6 of the Most Interesting Bits of Danbury History
Every town has a few notable stories in their history. Danbury has more than its fair share of interesting events spanning from Revolutionary War stories all the way to the Hubble Space Telescope. Here are the six most interesting historical facts from Danbury's long history.
1. Danbury was the Original Bean Town
Danbury was being called Bean Town at least 200 years before Boston adopted the nickname. The Danbury area’s abundance of beans became known by settlers in the late 1600’s and the nickname “Bean Town” began to spread by word of mouth. CelebrateBoston.com says that Boston’s nickname only started appearing on postcards in the early 1900’s because of a city-wide celebration which used stickers featuring a bowl of beans to promote the event. Bean Town is still better than the Danbury's original name: Swampfield, gross.
2. 16-Year-Old Girl Saved Danbury Residents During the Revolutionary War
You’ve heard of Paul Revere’s famous midnight ride, but have you heard of Sybil Ludington’s 40-mile ride that saved the lives of Danbury residents? In 1777, when British troops began heading towards Danbury to attack a Continental Army’s supply depot, Sybil completed a 40-mile ride to mobilize her father’s troops. After alerting the American soldiers, Sybil warned Danbury residents which gave them time to flee before the British burned several buildings and killed some patriots.
3. The Red Coat's Drunken Retreat From Danbury
Historical sources cited on City-Data.com say the 2000 British troops who attacked Danbury in 1777 found stores of rum and began consuming it. The British general feared that colonial soldiers would block his route back to the ships so he ordered his drunk men to head back to their boats. They eventually made it back to their ships but suffered many loses by colonial troops along the way thanks to Sybil Ludington's 40-mile ride.
4. The Negative Effects of Danbury's Booming Hat Industry Can Still be Seen
Danbury’s history as America’s largest hat producing town has been well documented by the New England Historical Society. Danbury residents may be aware of the mercury poisoning that caused many of the factory workers to come down with the “Danbury Shakes” which sounds a lot less fun than the Harlem Shake. The term “Mad Hatter” came about because of the symptoms of mercury poisoning which many of the factory workers in Danbury experienced. Scientific reports in the 1990’s and 2000’s stated that there were still elevated levels of mercury in the waterways, soil, and fish around Danbury. However, they did note that there was a decrease in that ten-year span.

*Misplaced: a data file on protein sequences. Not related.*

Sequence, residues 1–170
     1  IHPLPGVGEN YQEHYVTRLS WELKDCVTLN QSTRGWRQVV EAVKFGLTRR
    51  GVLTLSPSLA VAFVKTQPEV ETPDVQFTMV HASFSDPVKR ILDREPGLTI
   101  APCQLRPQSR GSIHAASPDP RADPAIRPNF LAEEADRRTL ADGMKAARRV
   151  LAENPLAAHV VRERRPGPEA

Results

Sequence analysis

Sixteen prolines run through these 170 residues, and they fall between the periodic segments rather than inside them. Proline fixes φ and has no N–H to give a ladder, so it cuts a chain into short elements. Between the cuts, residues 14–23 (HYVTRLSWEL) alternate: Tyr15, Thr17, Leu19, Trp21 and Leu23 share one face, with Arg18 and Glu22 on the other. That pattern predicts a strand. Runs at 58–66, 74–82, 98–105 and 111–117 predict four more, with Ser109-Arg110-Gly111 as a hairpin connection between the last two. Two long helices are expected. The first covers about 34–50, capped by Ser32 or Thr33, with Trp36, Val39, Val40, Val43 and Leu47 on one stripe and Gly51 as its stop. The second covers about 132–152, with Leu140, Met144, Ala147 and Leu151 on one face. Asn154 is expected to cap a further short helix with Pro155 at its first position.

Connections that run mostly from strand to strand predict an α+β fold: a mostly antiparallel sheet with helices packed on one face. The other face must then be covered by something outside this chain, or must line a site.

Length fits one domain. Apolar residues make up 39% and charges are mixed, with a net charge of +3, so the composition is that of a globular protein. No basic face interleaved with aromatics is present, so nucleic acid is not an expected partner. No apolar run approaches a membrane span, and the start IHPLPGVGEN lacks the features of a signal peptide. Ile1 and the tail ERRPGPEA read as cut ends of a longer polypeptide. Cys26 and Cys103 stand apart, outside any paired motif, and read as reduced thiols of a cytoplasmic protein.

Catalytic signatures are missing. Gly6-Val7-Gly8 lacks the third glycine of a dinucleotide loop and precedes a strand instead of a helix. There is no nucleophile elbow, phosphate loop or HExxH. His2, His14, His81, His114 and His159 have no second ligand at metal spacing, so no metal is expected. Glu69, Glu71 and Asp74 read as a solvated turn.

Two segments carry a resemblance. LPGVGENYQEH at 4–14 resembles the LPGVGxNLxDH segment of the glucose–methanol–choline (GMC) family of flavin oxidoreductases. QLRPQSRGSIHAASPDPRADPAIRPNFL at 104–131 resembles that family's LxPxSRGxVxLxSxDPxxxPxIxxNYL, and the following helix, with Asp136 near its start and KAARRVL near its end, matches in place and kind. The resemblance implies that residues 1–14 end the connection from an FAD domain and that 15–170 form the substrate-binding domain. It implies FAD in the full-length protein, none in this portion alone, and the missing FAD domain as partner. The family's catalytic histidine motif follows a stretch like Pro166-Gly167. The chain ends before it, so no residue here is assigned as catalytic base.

5. Time Bombs at the Danbury Police Station
In February 1970, the Pardue brothers detonated a bomb at the Danbury Police station, the Union Savings Bank, and their getaway car at a shopping mall. According to The News Times, they used the explosions, as well as other bomb threats, to distract from their robbery of the Union Savings Bank. They made out with around $40,000 but were caught less than a month later. Luckily no one was killed in the bombings but 26 people were injured.
6. Microscopic Mistake in Danbury Leads to NASA Space Mission
In the late 1970’s an optical glass company in Danbury created a huge mirror that was to be used in the Hubble Space Telescope. Once the telescope was in space NASA realized that the images they were taking were much blurrier than expected. The blame fell on the Perkin-Elmer Corporation of Danbury who had miscalibrated their equipment when carving the mirror. The mistake was apparently only 1/50th the thickness of a strand of hair but caused a lot of blurring. NASA had to spend millions of dollars, send a crew up to space, and replace many components because of Danbury’s tiny mistake. I guess this is why my dad is always telling me, “measure twice, cut once.”